sources of the National Litigation Support Team. A recent study showed FPDs
get better results, on average, than private Criminal Justice Attorneys (CJA)!
But the FPD’s mission is to serve indigent
clients, and those who can afford to hire
a lawyer should. This article is aimed at
affording the private attorney of choice.
$$ Liability insurance
Most corporate insurance policies include
coverage for defending directors and
officers against claims arising out of the
business, including criminal charges. This
coverage comes with a catch. Because of
wrongful and intentional acts exclusions
in almost every policy, liability for actual
criminal conduct is not covered. Meaning
that if a criminal defendant loses, or even
“loses,” the insurance company is not re-
sponsible for the cost of the defense.
The second “lose,” the one in quotes
in the previous sentence, is there because
even many successful defense outcomes
don’t result in an outright dismissal or
acquittal. Did you bargain 10 felonies
with a guideline range of 30 years down
to a single count with a six-month agreed
sentencing recommendation? Were you
convicted at trial of a single false-state-
ment count, but wrested “not guilties”
from the jury on the other 49 counts?
Most lawyers, and most clients, would
consider these wins. But to an insurance
company, they’re still convictions, and
therefore likely excluded from coverage.
Insurance companies pay to defend
against criminal charges in the first place
because, until the case is decided, there’s
no easy way to determine whether there
was an intentional, wrongful, and therefore excludable act. The duty to defend
therefore extends to all conceivably
covered conduct — even if the policy
ends up not covering it. In many states,
insurance companies will then often
proceed under a “reservation of rights”
letter, advancing payments for the moment but warning the insured defendant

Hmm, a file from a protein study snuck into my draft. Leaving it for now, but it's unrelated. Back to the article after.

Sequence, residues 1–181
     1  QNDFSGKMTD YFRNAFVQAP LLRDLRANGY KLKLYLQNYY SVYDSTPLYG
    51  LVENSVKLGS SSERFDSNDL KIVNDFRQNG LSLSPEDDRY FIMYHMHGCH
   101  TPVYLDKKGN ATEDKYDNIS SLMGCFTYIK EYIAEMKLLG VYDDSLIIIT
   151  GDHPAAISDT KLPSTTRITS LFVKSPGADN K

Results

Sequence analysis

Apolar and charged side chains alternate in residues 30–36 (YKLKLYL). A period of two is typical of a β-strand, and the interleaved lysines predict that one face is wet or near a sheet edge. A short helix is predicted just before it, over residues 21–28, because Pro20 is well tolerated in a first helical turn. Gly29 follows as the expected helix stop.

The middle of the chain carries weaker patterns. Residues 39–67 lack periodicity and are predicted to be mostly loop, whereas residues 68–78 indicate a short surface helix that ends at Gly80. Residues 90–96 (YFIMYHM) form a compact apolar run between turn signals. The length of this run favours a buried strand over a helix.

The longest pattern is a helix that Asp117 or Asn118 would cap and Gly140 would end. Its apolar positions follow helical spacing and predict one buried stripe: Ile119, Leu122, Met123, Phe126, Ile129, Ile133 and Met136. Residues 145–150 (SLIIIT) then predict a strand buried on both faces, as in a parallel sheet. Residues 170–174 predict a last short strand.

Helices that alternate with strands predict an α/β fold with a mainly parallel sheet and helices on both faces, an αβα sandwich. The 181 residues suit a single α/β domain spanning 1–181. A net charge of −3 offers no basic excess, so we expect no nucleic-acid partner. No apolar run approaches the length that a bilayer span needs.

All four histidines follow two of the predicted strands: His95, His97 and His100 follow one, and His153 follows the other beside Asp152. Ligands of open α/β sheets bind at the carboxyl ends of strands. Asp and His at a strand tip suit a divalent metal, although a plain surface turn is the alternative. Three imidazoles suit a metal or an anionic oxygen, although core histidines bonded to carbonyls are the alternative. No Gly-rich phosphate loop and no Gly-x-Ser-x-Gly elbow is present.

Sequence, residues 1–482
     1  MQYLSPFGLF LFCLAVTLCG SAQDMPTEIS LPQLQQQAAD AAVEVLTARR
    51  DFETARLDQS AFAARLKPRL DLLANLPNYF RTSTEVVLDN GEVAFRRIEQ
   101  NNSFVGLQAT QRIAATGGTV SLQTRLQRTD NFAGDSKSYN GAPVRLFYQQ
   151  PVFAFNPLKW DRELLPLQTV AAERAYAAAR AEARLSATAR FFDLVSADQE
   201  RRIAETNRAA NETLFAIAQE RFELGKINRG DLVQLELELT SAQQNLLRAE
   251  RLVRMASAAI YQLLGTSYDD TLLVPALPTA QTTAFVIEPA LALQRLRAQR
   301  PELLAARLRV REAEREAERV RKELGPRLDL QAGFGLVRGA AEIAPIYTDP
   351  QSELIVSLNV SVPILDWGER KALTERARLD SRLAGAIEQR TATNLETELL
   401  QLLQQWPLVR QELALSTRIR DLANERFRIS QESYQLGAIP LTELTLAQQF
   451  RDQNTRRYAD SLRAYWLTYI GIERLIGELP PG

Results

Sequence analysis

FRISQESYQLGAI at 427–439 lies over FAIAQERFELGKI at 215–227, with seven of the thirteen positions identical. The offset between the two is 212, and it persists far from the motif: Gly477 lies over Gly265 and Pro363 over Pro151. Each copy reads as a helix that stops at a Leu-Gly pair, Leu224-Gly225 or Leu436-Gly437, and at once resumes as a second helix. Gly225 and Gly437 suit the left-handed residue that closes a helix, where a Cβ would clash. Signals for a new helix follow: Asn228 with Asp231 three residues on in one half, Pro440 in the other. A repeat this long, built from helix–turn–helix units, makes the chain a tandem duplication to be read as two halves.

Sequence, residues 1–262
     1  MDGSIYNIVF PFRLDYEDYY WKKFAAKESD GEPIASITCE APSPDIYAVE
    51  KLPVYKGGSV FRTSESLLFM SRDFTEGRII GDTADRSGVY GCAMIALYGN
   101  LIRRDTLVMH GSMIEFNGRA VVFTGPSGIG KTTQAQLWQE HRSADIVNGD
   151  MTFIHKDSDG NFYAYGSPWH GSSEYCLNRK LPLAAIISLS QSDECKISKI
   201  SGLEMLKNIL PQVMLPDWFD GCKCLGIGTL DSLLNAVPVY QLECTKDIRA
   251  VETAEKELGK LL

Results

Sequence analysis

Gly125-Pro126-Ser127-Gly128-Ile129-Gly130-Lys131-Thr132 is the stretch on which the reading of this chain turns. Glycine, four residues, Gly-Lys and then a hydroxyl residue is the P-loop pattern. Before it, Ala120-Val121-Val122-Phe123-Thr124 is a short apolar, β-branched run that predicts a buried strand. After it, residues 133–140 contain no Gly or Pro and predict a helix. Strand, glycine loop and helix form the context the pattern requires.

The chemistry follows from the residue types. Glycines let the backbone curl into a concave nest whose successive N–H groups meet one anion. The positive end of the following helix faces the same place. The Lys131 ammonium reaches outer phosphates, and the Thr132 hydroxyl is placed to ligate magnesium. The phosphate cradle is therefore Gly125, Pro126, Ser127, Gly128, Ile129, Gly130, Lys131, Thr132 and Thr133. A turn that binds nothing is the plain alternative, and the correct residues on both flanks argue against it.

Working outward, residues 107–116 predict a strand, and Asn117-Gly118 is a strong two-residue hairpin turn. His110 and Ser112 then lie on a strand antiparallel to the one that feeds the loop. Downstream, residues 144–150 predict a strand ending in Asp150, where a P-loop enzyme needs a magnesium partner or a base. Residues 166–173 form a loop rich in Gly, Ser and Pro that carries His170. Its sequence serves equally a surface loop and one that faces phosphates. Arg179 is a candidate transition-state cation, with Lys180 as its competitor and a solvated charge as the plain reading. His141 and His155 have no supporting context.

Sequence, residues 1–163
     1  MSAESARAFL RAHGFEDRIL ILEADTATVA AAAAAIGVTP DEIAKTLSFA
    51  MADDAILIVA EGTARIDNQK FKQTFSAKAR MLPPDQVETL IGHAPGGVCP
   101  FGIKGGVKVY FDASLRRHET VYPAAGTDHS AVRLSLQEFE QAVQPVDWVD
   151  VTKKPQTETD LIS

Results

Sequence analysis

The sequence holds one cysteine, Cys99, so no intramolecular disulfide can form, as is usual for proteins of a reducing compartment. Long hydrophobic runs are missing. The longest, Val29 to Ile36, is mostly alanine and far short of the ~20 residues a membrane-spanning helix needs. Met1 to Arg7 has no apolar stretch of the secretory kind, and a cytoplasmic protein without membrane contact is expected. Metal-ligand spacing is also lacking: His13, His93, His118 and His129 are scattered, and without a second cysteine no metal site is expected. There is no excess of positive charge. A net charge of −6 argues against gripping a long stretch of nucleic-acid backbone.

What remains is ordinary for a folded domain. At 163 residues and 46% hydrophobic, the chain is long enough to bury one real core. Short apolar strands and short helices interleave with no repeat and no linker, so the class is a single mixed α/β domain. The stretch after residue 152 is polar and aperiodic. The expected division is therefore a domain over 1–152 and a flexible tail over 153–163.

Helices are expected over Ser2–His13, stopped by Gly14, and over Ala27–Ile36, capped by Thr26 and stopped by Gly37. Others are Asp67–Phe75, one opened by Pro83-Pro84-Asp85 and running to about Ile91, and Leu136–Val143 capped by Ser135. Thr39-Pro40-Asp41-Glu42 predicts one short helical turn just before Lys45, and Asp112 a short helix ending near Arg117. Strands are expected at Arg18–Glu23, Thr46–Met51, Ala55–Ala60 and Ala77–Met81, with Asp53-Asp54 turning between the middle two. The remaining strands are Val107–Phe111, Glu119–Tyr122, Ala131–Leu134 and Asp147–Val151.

that those payments may be taken back
depending on the outcome of the case.
But in Washington courts (and federal
courts applying Washington law), the
reservation of rights is not sufficient. As
our Supreme Court held in National Surety Corp. v. Immunex Corp.,
5 an insurance
company may not unilaterally alter the
terms of a policy by in effect inserting a
reimbursement provision if such a provision was not explicitly present:
Where the insurance contract is silent
about the insurer’s right to reimbursement of defense costs, permitting
reimbursement for costs the insurer
spent exercising its right and duty to
defend potentially covered claims prior to a court’s determination of coverage ... would amount to a retroactive
erosion of the broad duty to defend[.]
But there are complications.
First, insurance companies can include
reimbursement clauses in their policies.
Protection Strategies, Inc. v. Starr Indemnity & Liability Co.,
7 a case out of the
Eastern District of Virginia, involved such
a clause. Protection Strategies, a defense
contractor, came under investigation for
bribery and fraud in connection with a
NASA contract, and its insurer, Starr, paid
to defend the company’s officers. The
policy excluded coverage for deliberate
1-800-DUI-AWAY • Seattle Everett Tacoma
Loving, Intuitive, Relentless.
Not necessarily the public’s idea of a criminal
defense lawyer. Yet to me these qualities
are essential. We’re all human. People
make mistakes. My job is to tell the
whole story, the human story. The law
must be compassionate to be just.
I recently defended a young man.
Terminally ill, with extensive
criminal history, he’s the sole
parent of a toddler. Facing a
five year sentence on a four
count felony, he likely would
have died in prison. I fought
for him, asserting that his life
is larger than his mistakes. The
Judge agreed. He and his family
have a second chance.